Equalization isn’t meant to help with economic downturns
A lot of recent discussion about equalization—which may be moot since the program has just been renewed for five years—has focused on how it hasn’t helped Alberta through its recent difficult patch and also hasn’t helped other regions when they’ve had downturns.
Well, no, it hasn’t. But it’s not supposed to. And there are other ways in which the federal government’s tax and spending systems do help—though just how effectively is something economists debate.
What equalization equalizes is provinces’ tax capacities. If people in your province have lower incomes on average than people in other provinces, then the same tax rate won’t raise as much revenue for you as it will in those other provinces. Your tax capacity is deficient. Roughly speaking, what equalization does is give you the extra revenue you could have raised if your capacity were the same as the other provinces and you had applied the national average tax rate to the difference.
For example, if incomes in your province average $40,000 a year and the national average is $45,000, equalization gives you t x $5,000 where t is the national average income tax rate. If the national average rate is 20 per cent, Ottawa sends you a check for $1,000, which is 0.2 x $5,000. Actually, it’s more complicated than that, as many different tax bases are involved, there’s a delay in making the payment, and there have been various ad hoc adjustments to the formula to save Ottawa money and to honour both past political deals and constitutional doctrine about who has the right to tax natural resources. But that’s the basic idea.
What you do with the money is up to you. You can put spend it or you can use it to pay down debt or cut taxes. It’s your choice entirely.
What happens if your economy goes into recession, as Alberta’s did after oil prices fell in 2015? It depends what happens to your tax capacity relative to the national average tax capacity. If the recession hits everywhere, all provinces’ tax capacities fall and nothing happens to your relative tax capacity so nothing happens to your equalization. If on the other hand the recession is regional, then your tax capacity likely does fall relative to the national average. But unless it’s below the national average you don’t get equalization.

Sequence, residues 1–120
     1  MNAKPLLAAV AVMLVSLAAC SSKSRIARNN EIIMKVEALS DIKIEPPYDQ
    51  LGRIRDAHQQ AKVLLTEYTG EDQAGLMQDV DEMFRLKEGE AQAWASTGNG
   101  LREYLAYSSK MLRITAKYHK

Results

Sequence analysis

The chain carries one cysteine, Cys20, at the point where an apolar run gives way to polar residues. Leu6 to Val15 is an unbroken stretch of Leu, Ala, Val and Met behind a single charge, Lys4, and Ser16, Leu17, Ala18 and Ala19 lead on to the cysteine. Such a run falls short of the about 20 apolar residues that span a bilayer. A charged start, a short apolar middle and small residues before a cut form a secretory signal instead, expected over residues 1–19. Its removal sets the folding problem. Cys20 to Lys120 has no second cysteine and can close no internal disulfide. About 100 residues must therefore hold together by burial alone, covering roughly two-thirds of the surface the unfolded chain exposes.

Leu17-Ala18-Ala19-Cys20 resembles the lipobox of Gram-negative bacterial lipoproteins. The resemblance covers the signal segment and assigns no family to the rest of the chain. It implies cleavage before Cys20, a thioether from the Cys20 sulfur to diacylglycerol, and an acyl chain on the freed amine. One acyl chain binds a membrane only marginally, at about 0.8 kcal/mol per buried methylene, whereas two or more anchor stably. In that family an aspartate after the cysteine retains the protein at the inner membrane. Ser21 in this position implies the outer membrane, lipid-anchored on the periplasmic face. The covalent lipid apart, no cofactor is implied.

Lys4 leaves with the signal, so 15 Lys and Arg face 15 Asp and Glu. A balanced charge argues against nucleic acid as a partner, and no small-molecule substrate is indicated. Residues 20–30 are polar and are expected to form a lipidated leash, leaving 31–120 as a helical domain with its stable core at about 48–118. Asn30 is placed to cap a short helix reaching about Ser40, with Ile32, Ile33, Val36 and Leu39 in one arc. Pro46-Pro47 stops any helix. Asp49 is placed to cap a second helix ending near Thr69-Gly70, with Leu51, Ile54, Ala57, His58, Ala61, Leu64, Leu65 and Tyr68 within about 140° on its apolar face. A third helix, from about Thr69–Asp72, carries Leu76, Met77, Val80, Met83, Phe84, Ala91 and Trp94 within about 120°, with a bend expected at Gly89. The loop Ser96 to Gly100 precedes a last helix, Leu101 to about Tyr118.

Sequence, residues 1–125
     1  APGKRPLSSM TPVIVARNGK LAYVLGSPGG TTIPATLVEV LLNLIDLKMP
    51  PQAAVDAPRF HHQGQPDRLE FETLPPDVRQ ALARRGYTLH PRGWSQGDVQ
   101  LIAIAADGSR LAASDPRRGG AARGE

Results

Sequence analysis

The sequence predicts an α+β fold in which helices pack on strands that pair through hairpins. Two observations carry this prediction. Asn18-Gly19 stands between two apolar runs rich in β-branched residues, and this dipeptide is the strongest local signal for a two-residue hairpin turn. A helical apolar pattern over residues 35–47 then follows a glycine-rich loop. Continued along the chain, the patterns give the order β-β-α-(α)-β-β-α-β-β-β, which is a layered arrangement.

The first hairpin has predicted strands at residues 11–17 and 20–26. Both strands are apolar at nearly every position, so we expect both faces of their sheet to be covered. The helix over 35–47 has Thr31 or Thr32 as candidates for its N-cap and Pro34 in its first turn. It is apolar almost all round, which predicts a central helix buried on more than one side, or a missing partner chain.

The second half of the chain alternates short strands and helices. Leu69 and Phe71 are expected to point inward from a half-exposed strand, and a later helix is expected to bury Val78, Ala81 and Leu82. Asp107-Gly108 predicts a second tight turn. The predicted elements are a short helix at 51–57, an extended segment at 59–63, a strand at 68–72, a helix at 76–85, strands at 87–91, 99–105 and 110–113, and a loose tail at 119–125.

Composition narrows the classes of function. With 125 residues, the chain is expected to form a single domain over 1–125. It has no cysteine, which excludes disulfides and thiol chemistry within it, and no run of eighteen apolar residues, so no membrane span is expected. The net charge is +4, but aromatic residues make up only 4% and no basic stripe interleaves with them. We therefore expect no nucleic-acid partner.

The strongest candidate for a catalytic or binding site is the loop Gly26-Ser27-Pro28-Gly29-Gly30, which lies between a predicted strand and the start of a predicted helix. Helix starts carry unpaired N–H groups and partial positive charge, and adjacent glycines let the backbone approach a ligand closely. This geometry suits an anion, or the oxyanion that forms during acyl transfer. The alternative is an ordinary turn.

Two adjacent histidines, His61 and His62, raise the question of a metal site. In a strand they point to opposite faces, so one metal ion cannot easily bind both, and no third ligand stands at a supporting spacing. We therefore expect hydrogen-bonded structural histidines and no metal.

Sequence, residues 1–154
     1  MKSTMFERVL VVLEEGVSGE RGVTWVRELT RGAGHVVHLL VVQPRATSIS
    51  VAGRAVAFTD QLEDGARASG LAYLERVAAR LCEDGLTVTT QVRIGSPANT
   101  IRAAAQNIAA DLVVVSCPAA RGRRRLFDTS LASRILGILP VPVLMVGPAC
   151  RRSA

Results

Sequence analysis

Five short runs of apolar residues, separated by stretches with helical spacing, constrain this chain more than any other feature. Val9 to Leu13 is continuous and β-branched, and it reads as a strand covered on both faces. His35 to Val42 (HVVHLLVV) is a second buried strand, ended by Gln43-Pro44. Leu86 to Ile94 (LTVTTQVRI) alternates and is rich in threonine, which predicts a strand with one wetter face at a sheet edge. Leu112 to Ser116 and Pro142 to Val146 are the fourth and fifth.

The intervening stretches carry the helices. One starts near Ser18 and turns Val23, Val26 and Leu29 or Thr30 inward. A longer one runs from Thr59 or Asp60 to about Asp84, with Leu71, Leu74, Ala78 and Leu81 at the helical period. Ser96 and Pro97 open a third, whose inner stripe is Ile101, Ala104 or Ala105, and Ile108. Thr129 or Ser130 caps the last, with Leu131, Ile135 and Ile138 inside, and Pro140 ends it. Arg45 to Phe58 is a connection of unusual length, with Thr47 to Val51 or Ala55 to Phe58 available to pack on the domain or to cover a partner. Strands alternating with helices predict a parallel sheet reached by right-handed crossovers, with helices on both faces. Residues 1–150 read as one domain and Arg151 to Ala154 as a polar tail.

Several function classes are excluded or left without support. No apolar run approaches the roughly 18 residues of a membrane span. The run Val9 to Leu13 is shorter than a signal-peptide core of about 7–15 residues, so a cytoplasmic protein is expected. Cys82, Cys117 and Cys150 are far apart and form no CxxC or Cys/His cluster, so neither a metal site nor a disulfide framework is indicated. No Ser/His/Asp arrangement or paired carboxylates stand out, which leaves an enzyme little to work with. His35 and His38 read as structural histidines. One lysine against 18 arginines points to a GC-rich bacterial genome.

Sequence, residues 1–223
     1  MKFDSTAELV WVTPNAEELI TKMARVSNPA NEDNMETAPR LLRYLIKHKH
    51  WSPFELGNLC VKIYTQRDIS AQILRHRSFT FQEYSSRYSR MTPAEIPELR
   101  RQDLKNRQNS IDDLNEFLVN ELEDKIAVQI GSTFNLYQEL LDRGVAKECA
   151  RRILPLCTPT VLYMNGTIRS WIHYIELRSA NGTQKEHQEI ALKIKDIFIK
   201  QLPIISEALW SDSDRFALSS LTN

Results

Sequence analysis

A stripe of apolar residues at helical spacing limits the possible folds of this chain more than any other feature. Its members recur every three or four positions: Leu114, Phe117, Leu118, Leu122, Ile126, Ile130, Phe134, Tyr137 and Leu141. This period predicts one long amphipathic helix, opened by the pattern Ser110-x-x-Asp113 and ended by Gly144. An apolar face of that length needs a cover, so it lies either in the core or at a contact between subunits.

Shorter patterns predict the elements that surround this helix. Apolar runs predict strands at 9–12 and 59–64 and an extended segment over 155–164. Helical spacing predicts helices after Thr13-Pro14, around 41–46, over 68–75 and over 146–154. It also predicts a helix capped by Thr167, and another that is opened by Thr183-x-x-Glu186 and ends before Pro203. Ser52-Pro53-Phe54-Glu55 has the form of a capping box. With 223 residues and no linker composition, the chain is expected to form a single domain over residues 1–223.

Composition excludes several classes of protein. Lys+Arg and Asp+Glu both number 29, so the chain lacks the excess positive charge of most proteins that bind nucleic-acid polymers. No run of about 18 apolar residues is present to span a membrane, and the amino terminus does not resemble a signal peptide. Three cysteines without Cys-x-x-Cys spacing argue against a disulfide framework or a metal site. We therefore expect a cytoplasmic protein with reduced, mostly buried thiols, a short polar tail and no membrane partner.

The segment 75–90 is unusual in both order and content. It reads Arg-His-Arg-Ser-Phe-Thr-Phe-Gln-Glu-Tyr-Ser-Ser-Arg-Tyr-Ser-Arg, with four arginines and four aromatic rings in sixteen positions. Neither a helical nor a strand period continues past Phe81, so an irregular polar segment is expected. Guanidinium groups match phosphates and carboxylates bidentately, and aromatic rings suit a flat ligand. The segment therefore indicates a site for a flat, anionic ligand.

That’s what happened to Alberta after 2015. Before oil prices fell, its tax capacity was well above the national average. After they fell its tax capacity was lower but still above the national average, so no equalization. Is that unfair? Not really. Equalization isn’t designed to compensate you if your tax capacity goes down. It compensates for the shortfall between your tax capacity and the national average tax capacity. If there’s still no shortfall, you shouldn’t get equalization.
Does that mean Ottawa does nothing for Alberta when it suffers an economic downturn?
Hardly. It applies both automatic and discretionary stabilizers. The two biggest automatic stabilizers, but not the only ones, are income taxes and employment insurance payments. When the economy goes sour, individual and company incomes decline, so they pay fewer income taxes—both personal and corporate. Because of the progressivity of the income tax, the reduction in tax is more than proportional to the reduction in income, just as when incomes go up income taxes rise more quickly than income. When people lose their jobs or have a harder time finding work because of the economic slowdown, employment insurance kicks in. There are other automatic stabilizers though income taxes and employment insurance are the two most important.
As for discretionary stabilizers—Ottawa deciding to spend money in your region or give you a tax break of some kind or other—they’re more, well, discretionary. They depend on how nice Ottawa decides to be to the region suffering the difficulty and that doesn’t depend only on innate human kindness. It also depends on politics and self-interest. If a region is sworn never to elect a member of the governing party, it may not receive the full measure of discretion. But federal parties usually try not to be quite so blatant about such things. Federal ministers delivering checks and cutting ribbons are usually a common sight in affected regions even when those regions typically vote for other parties.
There’s also a debate about just how well discretionary fiscal policies work. Ironically, many people in Alberta are among the most skeptical about the effectiveness of such spending, which may simply crowd out private-sector spending, leaving no net gain in economic activity. That doesn’t mean they don’t want or won’t take the money, though.
Resenting that you haven’t received funding you don’t actually think will help: What could be more Canadian?